You will get a chance to learn a little about many different subjects, written in different styles. Hope you enjoy it!

Building Vocabulary ebook cover: a tree with multi-colored fall leaves, some already on the ground

Special Offer

You can get a bonus ebook free right now by signing up to receive English Detective.

Building Vocabulary: Roots, Prefixes, and Suffixes gives you lists of common prefixes, suffixes, and 80 of the most common Latin roots of English words. (It includes 150 words from the important Academic Word List, as well as many other useful English words.)

This ebook combines pages from English Hints with extra Latin roots especially useful for the readings planned for English Detective. This way you can print out just what you need, and keep the rest on your own computer for easy reference.

Of course, you won’t learn new words just by reading a list. Use these lists as background information to help with some of the new words you’ll read and practice in English Detective. Also keep checking our blog for new vocabulary activities at EnglishHints.com.

You can download this ebook as soon as you confirm your subscription to English Detective. (Sign up in the form below-- or on the right.) I hope you find these roots and affixes as helpful as I have!

Just think how much easier it will be to understand what you read in English in a few months!

You can sign up in the blue box below.

As I mentioned, I will not share your name or email address with anyone, and you can unsubscribe at any time.

Get the Best (older issues) of English Detective

EnglishHints has a lot of reading and listening comprehension and vocabulary practice (see the sitemap-- the Vocabulary Practice and Skills sections.)

However, many people find it easier to learn in "bite-sized" chunks. That's one main purpose for the English Detective newsletter. By now there have been over 75 issues, and several of them are still being referred to, over and over.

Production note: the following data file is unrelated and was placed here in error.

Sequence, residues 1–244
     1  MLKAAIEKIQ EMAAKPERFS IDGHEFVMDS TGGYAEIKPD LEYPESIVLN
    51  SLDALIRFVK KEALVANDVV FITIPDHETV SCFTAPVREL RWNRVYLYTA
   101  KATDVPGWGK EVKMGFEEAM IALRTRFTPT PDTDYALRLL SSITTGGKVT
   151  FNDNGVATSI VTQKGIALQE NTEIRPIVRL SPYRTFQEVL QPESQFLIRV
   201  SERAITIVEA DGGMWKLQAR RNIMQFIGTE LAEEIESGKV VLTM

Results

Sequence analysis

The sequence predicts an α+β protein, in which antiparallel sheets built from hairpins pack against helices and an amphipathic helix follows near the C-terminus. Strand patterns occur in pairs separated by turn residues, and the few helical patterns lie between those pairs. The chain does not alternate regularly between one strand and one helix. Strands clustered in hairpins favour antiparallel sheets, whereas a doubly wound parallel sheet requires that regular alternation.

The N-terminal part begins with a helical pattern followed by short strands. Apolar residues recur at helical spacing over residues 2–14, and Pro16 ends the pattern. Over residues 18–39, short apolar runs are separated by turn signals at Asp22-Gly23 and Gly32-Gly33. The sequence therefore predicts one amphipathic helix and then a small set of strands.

Because of that interest, I decided to offer a quick free five-lesson course using the best of those earlier issues.

You can sign up below to get those lessons by email. I will send the best parts of five of the most popular newsletters. (Some of the earliest were way too long!)

For even more ways of building vocabulary, see Vocabulary Strategies.

P.S. A few of the topics for our first issues were detective methods (& how to investigate English words), the scientific method and the discovery of penicillin, and planning for success (while learning from failure.)

Then there were issues on the roots of English, ancient Greece & Rome, a few highlights of English (and European) history, including the Renaissance, bilingualism and the brain, the value of networks for creativity, business, community service, the environment, cognates, and so much more!

You can see back issues here. If you are interested in which issues teach particular words from the Academic Word List, or the reading selections, puzzles,  and practice activities in any particular issue, you can find that information in  Academic Vocabulary Word Lists in English Detective Issues.